Curating Visual Collections - monday 2006-10-02 2134 last modified 2006-10-03 0949
Categories: Nerdy, Daily Grind, Photography
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With the advent of a digital photo frame for playing slideshows, a fun new question: how to curate and obtain visual collections for display.

There are several immediate options: a selection of whatever I consider my best photos, photos from a particular event or timeframe, a set of friends, etc. The ever-wondrous web brings out several also-immediate options, with Apple's photocasting and flickr's friend feeds readily available for translation to my slideshow system (which, I might add, would also save on bandwidth... I didn't really implement the most intelligent caching system).

And then there are more educational and academic exercises: all of Picasso's paintings; all of Rodin or Monet or van Gogh's works; Alfred Stieglitz, Diane Arbus, or Ansel Adam's collected photographs; Alan Lee's Middle Earth sketches, or even old public domain films.

Do such fundamental collections exist? Online? For free? Is there some place I can retrieve moderately high resolution digital copies of all of Degas's work, or the best of Japanese woodcuts?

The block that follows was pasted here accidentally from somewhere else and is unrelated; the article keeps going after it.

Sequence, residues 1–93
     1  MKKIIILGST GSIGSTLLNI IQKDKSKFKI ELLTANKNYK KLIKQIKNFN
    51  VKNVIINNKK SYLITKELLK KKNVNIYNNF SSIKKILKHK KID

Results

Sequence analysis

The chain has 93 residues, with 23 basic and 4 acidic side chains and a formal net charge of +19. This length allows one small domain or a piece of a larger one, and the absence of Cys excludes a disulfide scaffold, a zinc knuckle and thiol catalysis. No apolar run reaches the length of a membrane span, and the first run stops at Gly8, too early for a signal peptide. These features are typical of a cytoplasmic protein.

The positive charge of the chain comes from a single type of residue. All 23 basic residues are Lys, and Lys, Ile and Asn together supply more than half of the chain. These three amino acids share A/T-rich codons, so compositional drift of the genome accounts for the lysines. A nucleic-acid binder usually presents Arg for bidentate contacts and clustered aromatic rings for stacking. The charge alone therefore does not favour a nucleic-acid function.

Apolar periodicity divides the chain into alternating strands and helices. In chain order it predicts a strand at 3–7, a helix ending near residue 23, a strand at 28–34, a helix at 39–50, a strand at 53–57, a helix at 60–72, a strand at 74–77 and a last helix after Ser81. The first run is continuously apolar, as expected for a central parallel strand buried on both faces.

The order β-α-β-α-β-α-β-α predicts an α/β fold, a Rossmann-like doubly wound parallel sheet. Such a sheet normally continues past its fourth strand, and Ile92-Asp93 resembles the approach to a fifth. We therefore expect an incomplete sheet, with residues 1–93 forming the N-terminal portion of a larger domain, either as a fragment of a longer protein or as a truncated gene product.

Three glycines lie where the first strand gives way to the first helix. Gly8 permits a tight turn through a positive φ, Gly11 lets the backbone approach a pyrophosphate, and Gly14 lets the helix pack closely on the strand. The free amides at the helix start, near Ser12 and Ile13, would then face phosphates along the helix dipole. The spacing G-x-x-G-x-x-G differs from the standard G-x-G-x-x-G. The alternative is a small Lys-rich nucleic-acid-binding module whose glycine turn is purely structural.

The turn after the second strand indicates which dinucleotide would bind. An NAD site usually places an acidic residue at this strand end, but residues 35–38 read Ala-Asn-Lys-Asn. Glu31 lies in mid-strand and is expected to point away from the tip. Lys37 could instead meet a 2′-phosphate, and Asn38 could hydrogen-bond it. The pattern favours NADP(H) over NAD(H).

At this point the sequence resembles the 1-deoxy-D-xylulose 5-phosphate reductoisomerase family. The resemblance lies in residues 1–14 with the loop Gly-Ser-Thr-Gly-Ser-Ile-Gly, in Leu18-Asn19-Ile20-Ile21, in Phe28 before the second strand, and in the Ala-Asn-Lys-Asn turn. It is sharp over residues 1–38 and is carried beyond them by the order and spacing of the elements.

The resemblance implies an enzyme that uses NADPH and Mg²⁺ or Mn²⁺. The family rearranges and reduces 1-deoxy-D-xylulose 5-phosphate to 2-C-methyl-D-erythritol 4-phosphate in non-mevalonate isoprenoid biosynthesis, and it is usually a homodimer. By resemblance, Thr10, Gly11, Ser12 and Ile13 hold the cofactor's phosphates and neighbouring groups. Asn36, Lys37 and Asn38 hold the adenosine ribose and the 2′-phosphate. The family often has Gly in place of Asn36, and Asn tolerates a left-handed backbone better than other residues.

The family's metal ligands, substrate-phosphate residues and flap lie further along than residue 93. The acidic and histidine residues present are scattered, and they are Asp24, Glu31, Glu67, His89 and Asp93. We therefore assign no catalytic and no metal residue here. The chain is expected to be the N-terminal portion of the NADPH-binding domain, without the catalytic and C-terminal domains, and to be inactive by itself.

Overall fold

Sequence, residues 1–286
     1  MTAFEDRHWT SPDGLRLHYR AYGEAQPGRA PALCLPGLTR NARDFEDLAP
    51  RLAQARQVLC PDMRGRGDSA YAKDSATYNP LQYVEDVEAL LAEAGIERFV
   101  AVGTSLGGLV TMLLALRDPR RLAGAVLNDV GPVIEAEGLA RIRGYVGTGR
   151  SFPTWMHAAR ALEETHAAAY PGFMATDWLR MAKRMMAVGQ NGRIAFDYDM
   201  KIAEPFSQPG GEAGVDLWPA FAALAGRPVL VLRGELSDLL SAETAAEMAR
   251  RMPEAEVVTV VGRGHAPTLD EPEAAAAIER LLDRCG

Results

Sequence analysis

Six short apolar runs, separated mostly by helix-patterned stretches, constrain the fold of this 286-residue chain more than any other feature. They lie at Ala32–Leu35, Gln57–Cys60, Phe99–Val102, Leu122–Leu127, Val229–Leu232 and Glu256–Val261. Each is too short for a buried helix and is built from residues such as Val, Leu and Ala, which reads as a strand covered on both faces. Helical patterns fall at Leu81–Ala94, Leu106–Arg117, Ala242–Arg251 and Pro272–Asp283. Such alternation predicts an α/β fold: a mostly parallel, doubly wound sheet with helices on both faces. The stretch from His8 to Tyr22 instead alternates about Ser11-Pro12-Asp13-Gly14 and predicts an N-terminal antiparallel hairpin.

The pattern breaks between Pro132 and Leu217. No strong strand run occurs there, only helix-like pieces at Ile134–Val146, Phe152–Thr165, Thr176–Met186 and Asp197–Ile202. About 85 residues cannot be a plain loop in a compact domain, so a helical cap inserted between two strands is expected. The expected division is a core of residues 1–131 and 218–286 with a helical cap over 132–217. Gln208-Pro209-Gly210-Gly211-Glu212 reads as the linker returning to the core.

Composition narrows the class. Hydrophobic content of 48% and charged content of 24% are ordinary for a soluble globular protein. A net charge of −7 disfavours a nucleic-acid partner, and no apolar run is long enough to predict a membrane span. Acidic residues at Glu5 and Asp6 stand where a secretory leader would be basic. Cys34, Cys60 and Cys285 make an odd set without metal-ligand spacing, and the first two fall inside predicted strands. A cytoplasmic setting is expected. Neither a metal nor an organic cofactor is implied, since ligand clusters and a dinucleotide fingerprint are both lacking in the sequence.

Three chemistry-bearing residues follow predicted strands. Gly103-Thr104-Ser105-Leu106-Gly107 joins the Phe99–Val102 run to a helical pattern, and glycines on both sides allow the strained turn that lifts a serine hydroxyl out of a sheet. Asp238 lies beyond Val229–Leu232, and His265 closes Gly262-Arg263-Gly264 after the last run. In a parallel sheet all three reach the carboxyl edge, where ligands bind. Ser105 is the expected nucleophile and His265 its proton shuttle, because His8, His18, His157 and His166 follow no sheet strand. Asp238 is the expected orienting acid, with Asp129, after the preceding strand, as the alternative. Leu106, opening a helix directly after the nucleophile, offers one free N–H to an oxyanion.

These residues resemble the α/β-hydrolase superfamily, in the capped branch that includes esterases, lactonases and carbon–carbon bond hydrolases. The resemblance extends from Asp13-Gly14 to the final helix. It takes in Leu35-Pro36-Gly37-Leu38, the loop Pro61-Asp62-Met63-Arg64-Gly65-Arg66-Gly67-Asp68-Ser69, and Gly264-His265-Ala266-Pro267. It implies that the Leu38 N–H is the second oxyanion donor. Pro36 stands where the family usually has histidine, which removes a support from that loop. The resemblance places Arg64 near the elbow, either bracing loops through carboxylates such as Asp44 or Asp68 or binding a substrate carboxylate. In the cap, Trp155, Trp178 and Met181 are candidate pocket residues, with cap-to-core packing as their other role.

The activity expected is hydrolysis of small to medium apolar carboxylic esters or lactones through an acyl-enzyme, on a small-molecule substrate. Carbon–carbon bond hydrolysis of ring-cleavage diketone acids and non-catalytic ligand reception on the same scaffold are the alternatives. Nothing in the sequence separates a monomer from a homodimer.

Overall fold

Does anybody have suggestions for an interesting collection? I've never taken any art history, and now's not a bad time to learn a bit, if the rest of the world freely shares its artistic treasures.

Comments

Hm...I wish I co...

Hm...I wish I could easy access online art galleries with high-quality images.

While I was still in college, I was able to access ARTstor, which was useful when I was writing art history papers. The images aren't high-quality enough to be worth printing, but you can zoom in & out, etc. Really nice.

Unfortunately, I'm in-between schools right now & therefore don't have a subscription. Dang it!

(Wow, this post is kind of useless. But I randomly found this site and felt like saying something. Howdy.)

Grace Ting on November 20, 2006 08:35 PM

'lo. Funny you ...

'lo. Funny you should mention ARTstor since I've been part of collaborations with them in the past. I don't think I can quite use those connections to get at their photos though. There's a lot of resources at Wikimedia Commons, but the quality and reliability's inconsistent; there are some that are photos of exhibits of paintings and others that are more useful.

Ryan Lee on November 06, 2006 02:27 PM

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